After a brief and successful stint as an illustrator, Lawrence Mazzanovich traveled to Europe in 1903. He studied landscape painting in France and Italy, which enabled him to abandon illustration, and exhibited work in the Barbizon style at competitions and at the Paris Salon with great success. Just before returning to the United States, Mazzanovich began experimenting with Tonalism and Impressionism.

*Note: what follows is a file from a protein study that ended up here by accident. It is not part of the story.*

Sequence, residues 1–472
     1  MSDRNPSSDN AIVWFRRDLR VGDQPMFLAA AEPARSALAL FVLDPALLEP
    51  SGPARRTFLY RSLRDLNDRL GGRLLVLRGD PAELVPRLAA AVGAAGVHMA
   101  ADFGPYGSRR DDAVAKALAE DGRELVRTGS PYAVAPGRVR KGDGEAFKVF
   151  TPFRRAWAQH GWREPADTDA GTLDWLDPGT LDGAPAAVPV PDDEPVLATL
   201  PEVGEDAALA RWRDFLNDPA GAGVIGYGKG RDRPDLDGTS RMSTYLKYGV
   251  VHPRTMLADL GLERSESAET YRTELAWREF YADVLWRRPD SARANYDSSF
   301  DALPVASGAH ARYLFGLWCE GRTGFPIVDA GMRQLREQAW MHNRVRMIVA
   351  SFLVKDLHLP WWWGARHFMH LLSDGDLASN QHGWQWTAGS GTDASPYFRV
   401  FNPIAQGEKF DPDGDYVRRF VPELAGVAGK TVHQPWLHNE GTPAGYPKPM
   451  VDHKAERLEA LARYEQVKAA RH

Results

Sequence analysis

After moving to the Westport art colony in 1909, Mazzanovich was inspired by its landscape and his technique developed from Impressionism into a Pointillist and color-driven Post-Impressionist style. He gained a reputation as a brilliant colorist and soon had a one man show at a gallery in Chicago. By 1917, his work was displayed in major metropolitan galleries throughout the country alongside artists such as George Bellows and Everett Shinn. In the early 1920s, Mazzanovich moved to a small artist community in Tryon, North Carolina.